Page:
By Nicolas Revise and Beatrice Khadige (AFP)
Algiers – US Secretary of State Hillary Clinton held talks with Algerian President Abdelaziz Bouteflika on Monday to press for a possible military intervention in neighbouring Mali, where Islamists control large areas.
“We had an in-depth discussion of the region and particularly the situation in Mali,” including the “terrorist and drug trafficking threat that is posed to the region and beyond,” Clinton told reporters after her talks with Bouteflika.
She said they agreed to pursue talks and join forces with regional countries, the United Nations, the African Union and the Economic Community of West Africa States (ECOWAS) “to determine the most effective approaches we should be taking.”
The United States and France have launched a diplomatic offensive to secure Algeria’s vital backing for such action in Mali after the UN Security Council urged ECOWAS nations to prepare for a military force against Al-Qaeda in the Islamic Maghreb (AQIM) which is tightening its grip on the north.
This month the council called on West African nations to step up such preparations to re-conquer the territory held by AQIM and other jihadist groups.
“Algeria being the strongest Sahel state became a critical partner in dealing with AQIM,” a US State Department official said aboard Clinton’s plane, which landed in Algiers on Monday morning.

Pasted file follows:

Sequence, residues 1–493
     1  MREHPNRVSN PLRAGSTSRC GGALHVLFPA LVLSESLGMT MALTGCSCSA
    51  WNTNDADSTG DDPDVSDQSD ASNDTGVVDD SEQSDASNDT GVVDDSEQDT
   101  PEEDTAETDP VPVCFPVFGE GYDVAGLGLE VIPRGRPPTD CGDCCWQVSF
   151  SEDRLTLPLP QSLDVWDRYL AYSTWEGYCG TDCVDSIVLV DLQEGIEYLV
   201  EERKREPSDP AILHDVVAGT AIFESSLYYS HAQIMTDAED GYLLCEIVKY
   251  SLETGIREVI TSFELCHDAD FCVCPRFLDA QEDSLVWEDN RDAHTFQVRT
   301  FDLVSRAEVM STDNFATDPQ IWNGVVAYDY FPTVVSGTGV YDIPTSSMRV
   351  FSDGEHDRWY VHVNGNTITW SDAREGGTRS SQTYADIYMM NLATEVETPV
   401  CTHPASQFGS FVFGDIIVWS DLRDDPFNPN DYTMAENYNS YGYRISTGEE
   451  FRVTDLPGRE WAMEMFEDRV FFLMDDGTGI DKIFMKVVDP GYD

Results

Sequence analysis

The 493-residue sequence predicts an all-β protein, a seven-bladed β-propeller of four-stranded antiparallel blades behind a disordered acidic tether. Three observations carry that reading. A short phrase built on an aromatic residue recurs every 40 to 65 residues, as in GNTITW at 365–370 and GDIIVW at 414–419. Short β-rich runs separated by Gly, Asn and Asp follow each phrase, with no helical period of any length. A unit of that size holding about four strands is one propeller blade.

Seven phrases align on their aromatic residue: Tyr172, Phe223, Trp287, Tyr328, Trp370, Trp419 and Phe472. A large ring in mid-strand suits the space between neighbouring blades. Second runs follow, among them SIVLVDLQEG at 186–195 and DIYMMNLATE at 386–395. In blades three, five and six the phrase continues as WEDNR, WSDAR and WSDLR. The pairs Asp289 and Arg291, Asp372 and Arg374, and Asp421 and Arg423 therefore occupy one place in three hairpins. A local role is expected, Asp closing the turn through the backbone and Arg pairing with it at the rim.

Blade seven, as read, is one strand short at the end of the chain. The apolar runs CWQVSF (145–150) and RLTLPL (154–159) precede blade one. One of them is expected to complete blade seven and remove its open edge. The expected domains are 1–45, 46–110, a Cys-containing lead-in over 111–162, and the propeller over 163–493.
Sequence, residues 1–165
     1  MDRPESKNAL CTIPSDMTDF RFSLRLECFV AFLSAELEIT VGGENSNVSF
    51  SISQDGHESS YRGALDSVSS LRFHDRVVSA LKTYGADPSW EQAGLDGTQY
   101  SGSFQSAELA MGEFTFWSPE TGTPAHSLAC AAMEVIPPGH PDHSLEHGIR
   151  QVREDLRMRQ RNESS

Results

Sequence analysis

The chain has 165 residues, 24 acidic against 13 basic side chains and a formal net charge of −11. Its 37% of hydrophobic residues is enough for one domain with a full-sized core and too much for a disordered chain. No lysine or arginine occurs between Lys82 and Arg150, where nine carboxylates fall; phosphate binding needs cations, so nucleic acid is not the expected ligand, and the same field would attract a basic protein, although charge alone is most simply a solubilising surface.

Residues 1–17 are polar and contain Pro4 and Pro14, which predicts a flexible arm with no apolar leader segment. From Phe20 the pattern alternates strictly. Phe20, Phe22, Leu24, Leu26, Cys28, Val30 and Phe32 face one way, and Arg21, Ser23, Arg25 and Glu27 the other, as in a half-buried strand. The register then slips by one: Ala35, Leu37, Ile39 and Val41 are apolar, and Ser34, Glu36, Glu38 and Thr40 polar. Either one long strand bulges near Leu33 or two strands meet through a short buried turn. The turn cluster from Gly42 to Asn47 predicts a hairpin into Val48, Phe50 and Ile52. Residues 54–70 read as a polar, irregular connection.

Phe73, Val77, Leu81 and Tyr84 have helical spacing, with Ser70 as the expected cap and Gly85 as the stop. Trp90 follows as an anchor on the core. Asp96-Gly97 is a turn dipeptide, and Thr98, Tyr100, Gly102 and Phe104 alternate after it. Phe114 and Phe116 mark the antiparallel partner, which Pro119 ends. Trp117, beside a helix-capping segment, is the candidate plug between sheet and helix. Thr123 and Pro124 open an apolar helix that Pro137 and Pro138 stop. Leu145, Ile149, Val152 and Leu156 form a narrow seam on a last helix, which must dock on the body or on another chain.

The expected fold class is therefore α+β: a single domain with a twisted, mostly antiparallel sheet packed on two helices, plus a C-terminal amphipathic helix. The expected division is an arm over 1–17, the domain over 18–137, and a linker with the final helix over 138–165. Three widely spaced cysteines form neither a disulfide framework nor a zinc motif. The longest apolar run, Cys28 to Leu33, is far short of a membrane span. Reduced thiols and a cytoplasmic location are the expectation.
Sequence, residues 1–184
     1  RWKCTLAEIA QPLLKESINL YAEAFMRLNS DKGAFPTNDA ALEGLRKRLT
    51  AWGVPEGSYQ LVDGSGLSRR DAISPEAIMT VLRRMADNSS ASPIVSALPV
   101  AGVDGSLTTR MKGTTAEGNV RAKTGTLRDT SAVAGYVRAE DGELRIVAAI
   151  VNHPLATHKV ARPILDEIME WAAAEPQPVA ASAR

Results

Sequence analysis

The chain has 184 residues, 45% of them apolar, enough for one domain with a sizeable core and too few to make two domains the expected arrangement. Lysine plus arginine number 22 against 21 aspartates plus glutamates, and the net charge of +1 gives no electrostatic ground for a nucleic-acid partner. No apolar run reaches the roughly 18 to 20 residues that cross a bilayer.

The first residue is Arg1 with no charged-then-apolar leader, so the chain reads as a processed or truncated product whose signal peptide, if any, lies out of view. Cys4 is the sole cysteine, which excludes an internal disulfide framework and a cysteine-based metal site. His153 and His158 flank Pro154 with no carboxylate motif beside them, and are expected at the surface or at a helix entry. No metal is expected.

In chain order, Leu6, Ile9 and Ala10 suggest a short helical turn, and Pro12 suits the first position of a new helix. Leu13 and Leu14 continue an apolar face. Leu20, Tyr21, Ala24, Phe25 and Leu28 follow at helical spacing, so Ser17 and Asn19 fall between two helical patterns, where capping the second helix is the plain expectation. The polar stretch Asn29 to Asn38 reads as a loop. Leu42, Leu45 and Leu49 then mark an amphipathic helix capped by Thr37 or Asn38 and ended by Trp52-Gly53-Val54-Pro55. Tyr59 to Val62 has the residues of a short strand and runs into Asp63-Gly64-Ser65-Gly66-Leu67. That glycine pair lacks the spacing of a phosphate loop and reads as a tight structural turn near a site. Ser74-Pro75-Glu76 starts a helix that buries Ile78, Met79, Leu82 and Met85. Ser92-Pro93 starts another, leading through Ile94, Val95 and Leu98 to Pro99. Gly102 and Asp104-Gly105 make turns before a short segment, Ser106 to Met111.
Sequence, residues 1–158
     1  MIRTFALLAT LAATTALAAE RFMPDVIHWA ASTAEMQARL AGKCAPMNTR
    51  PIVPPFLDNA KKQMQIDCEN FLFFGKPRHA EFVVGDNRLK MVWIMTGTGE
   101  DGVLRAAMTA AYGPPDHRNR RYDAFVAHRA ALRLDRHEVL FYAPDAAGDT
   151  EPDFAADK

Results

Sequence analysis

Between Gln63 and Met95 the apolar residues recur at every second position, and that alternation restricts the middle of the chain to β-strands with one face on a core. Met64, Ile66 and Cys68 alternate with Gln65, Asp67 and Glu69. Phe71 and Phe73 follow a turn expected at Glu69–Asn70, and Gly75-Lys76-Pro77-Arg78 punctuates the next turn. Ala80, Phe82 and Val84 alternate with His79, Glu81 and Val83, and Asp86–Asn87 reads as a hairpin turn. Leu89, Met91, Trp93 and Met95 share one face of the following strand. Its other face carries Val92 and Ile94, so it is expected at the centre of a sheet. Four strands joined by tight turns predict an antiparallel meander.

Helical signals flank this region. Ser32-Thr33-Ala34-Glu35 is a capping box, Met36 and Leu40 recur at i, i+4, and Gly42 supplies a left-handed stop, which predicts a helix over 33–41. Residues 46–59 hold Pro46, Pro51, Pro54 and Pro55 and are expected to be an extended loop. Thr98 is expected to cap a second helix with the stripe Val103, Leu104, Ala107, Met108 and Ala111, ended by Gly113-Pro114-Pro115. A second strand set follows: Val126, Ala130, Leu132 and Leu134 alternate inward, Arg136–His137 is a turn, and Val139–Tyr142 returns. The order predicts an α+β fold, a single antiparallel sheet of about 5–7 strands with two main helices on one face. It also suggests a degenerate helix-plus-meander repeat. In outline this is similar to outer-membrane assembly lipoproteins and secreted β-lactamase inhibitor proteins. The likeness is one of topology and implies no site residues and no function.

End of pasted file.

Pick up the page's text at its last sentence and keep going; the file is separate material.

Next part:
“There is a strong recognition that Algeria has to be a central part of the solution,” he said.
Algeria shares a long border with Mali, where extremists and rebel groups took over large parts of the north after a coup in March.
Algeria, along with Mauritania, has called for dialogue in a bid to reach a political solution, after initially ruling out sending troops.
The common influence among the fundamentalist armed groups ruling northern Mali is AQIM, which originated in Algeria and is active in regional countries including Mauritania.
The Security Council on October 12 approved a resolution urging West African states to speed up preparations for a force of up to 3,000 troops that would attempt to recapture northern Mali.
It gave the ECOWAS until 26 November to clarify its plans.
Algeria, with its powerful army, was at first opposed to any military intervention in Mali, fearing a destabilisation of its territory inhabited by 50,000 Tuaregs.
Since April, AQIM and Tuareg allies Ansar Dine and the Movement for Oneness and Jihad in West Africa (MUJAO) have imposed Islamist Shari’a law in parts of Mali that they have effectively partitioned.
Another State Department official travelling with Clinton said Algeria has been “warming to the idea” of intervention led by West African states.
“One of the things that we’ll be talking about is… the role that Algeria could play if ECOWAS provides the boots on the ground… in coordination with the forces of Mali,” said the official.
But an Algerian Tuareg chief, MP Mahmud Guemama, spelled out why he opposed military intervention, in an interview with Elkhabar newspaper published on Monday.
“What the United States and France are asking will cause a lot of problems,” he said, warning that such action had “colonial objectives.”
“We are more concerned about Algerian towns in the Sahara than northern Mali,” he said. “We know how military intention starts but never know the end. Libya was a good example.”